October 23, 2015
Philadelphia is, irrefutably, a city that loves its beer. It's partly why Brooklyn Brewery has hosted one of its "State of Craft Beer" panels here for the past two years, this year as part of its third annual eight-city Brooklyn Mash Tour.
Truly, with regional brewers like Yards, Dogfish Head, Victory, Philadelphia Brewing Company, Stoudts and more (many, many more), Philadelphia has no shortage of borderline legendary craft beer brands. Those on Thursday evening's panel, moderated by Brooklyn Brewery co-founder Steve Hindy, consisted of host venue Saint Benjamin Brewing Company's Christina Burris and Tim Patton, Dogfish Head founder Sam Calagione, All About Beer editor John Holl and Victory co-founder Bill Covaleski.
Below, catch seven takeaways from the night, including whether the beer bubble will burst and how Philadelphia is like "Rome for beer."
On the heels of Heineken's recent 50 percent stake in popular IPA brewer Lagunitas, a craft brewery that increased barrel production of its beer by 50 percent last year, the question at hand was this: Might IPA be the new pilsner? (That is, the most common of beers.)
"IPA is the dominant style," Covaleski said of craft brews, noting that a diversity of brewers in the industry will keep IPAs from taking over completely.
Hindy, meanwhile, was careful to warn beer drinkers not to choose brews by style alone. One IPA could end up blurring into the next as breweries compete to be the style's go-to brand.
Burris chimed in to say that her company felt obligated to make an IPA because of demand from local bar buyers. She fears the outcome of a culture that lumps beers together by style at a time when so many unique beers -- like her company's Koffee Kolsch, she said -- are just as good, or better.
But, she acknowledged, IPAs are having a moment -- even if she thinks consumers will all "return to a solid pilsner" eventually.
People care more than ever about where their beer came from.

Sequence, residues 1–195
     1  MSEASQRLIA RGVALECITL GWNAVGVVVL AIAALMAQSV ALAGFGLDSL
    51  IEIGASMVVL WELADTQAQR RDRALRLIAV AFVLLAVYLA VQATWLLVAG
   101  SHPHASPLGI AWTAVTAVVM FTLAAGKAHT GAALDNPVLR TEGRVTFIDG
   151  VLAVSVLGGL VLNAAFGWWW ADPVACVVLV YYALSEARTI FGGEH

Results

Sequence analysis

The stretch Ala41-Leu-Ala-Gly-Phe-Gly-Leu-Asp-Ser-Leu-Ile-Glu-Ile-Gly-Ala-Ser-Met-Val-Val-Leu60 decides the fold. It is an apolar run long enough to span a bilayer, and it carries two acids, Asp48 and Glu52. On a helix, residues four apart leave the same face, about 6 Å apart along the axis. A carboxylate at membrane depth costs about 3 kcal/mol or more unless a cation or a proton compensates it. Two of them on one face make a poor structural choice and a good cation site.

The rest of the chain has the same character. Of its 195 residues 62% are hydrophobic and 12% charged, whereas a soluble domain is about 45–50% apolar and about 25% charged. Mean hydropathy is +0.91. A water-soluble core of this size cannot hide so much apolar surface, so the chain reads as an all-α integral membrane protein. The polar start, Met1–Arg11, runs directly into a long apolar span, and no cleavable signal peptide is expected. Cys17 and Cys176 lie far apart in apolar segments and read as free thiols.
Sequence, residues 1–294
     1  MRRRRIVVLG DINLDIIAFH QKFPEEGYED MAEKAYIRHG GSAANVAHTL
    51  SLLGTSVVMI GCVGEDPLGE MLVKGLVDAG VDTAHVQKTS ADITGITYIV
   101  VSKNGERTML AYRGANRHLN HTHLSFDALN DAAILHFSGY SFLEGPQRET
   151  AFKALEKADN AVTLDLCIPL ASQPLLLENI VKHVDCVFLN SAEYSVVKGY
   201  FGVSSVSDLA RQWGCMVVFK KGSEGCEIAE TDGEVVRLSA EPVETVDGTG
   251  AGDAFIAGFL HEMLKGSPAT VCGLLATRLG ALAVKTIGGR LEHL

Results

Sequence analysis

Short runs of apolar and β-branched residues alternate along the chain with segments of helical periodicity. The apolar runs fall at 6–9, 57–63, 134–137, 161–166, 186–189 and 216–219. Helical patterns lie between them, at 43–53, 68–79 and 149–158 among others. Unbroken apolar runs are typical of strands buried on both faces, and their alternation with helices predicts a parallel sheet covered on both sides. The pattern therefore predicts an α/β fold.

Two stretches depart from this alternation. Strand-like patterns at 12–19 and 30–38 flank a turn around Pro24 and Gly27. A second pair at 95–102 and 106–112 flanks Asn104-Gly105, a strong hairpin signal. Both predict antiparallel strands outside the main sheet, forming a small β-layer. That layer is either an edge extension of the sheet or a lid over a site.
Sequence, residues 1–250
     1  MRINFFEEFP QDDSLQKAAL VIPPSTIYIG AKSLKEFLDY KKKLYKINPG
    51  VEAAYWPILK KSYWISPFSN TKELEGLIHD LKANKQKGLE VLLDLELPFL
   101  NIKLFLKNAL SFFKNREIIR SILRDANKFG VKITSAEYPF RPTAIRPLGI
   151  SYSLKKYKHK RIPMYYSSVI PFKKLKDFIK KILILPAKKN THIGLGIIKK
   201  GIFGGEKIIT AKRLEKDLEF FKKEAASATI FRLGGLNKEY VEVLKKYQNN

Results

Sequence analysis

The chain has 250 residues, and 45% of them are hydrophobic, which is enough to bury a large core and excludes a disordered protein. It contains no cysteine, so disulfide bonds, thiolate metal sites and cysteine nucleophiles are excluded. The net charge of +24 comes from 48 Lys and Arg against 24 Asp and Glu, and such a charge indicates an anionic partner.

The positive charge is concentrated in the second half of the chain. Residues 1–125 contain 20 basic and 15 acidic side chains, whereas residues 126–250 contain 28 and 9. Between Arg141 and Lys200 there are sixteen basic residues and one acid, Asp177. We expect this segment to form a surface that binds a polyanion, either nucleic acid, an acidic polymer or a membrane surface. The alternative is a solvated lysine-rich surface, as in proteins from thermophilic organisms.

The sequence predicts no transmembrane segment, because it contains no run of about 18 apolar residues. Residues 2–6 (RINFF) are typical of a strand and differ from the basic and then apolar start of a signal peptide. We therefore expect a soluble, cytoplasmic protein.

"I talk to bar buyers and they tell me, ‘Yeah, I’m trying to keep my list more local these days and keep it to the East Coast -- the mid-Atlantic," Patton told PhillyVoice. "That’s really new. Five years ago, if you wanted a great craft beer bar you were getting West Coast beer, Belgian beer and you were trying local one-offs, but you weren’t necessarily emphasizing the local guys."
Covaleski, meanwhile, noted that it will become increasingly important to educate the public that brands like Shock Top and Blue Moon, though selling with a craft beer image, aren't the independently owned companies they think they are. (Shock Top is owned by Anheuser-Busch InBev and Blue Moon is a MillerCoors product.)
Calagione advised craft consumers to take matters into their own hands.
"[Consumers can go to] retail stores and say, 'This is bull****,'" he said. "A zillion of the same company’s beer that’s not a craft brewery but is in the craft brewery section ... You can’t chat with distributors, but you can chat with retailers.”
The beer industry has hardly been an exception within the economy's ongoing market consolidation. Last week, Anheuser-Busch InBev acquired SABMiller -- its closest competitor -- for $104 billion. Looking out 10 years from now, said Calagione, one of his biggest concerns is that big-leaguers will continue to buy craft breweries tempted to take a buyout.
Tom Kehoe, founder of Yards, told PhillyVoice it's an increasing concern as first-generation craft brewers age.
“In the big global picture, you have a lot of people cashing in on breweries, and you can see that's true as people are getting older in this industry and are looking -- they don’t’ have an exit strategy, and that’s the only exit strategy they have," Kehoe told PhillyVoice before Thursday's event.
"And that’s great; I don’t blame them for that. But, you know, that's not what we stand for. We stand for the little guy and not selling out to the big guy."